Pre-drywall Inspections - 3 of 3

 

This is the last of a small series of three posts called you can ONLY see this kind of thing PRE-DRYWALL.

Pre-drywall inspections are essential to the building process and this is being realized by more and more buyers.

One of the reasons these folks bought this house was the master bedroom design.

It takes up almost 1/2 of the upper level!

The sleeping area is large, with an attached, and large, sitting area.  The sitting area is down two steps from the sleeping area.

Separating these two rooms is a gas fireplace.

It can be seen from both sides.  They loved the fireplace.  They always wanted a fireplace in the bedroom.

Looking more closely at the vent I noticed that the connection between the fireplace and chimney inside the attic was carefully sealed.  A silicone caulking formulated for heat, with the ability to expand and contract, was used to seal this connection.

SUCH A SEALANT IS REQUIRED BY THE LOCAL FIRE CODE.

Fire is not the only reason for this.  Carbon monoxide and fireplace safety is the other reason.

Looking around the back side of the vent it appeared that the caulking got very erratic.

Not seeing it well I stuck my camera in there to snap a photo.

On the fireplace itself, just before the vent tubing coming out of the box, is an instruction sticker.  It teaches how much distance is required between the vent and any combustible materials.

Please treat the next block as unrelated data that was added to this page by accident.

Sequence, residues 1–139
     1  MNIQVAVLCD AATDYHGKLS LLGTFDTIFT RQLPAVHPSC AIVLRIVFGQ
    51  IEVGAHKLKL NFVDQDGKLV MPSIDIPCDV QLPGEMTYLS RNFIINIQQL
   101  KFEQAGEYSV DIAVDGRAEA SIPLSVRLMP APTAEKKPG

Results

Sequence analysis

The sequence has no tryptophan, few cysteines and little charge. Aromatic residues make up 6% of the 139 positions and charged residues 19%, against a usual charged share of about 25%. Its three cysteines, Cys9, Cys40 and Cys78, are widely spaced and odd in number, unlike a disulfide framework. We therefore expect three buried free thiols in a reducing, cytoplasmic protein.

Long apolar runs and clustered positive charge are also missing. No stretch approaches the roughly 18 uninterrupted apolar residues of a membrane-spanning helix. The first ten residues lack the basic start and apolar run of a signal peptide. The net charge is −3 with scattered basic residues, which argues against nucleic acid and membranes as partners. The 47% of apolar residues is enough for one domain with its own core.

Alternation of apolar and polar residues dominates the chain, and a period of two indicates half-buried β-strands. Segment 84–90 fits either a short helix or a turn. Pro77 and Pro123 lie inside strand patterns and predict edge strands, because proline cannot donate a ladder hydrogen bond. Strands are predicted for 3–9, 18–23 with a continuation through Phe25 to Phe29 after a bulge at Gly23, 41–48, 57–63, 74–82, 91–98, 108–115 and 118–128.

IT ALSO SAYS THAT ALL CONNECTIONS TO AND FROM THE FIREPLACE NEED TO BE SEALED COMPLETELY.

My camera revealed that the tubing is NOT entirely sealed.

Now, this much of a gap, about 1/5" on the back side of the tubing, may or may not represent a serious issue.  I think it does as the instructions are specific.

BUT WHAT BOTHERS ME ABOUT THIS IS THAT THE INSTALLER KNOWS HE DID NOT SEAL THE TUBING COMPLETELY.  DOES THE SUPERVISOR?  IF NOT, WHY NOT?  IS HE NOT CHECKING FOR SAFETY, ESPECIALLY SOMETHING AS IMPORTANT AS A SAFETY THING REGARDING FIRE OR CARBON MONOXIDE?

If I can find it, anyone else can find it.

If I can see it, anyone else can see it.

My recommendation:  when the builder's representative says you do not need a pre-drywall inspection because their supervisor is there every day, they hire professionals to do the work, the County is by multiple times to look at the house, or whatever they say - IT IS VERY, VERY CIRCUMSPECT TO HIRE YOUR OWN HOME INSPECTOR.  You never know what he might find.  And, to quote the cliche, you don't know what you don't know.

 This is the third in a series of one, two and three posts regarding the same house.

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Jay performs inspections Monday through Saturday, throughout Northern Virginia, from his office in Bristow to Leesburg and Centreville, to Great Falls and Vienna and everywhere in between!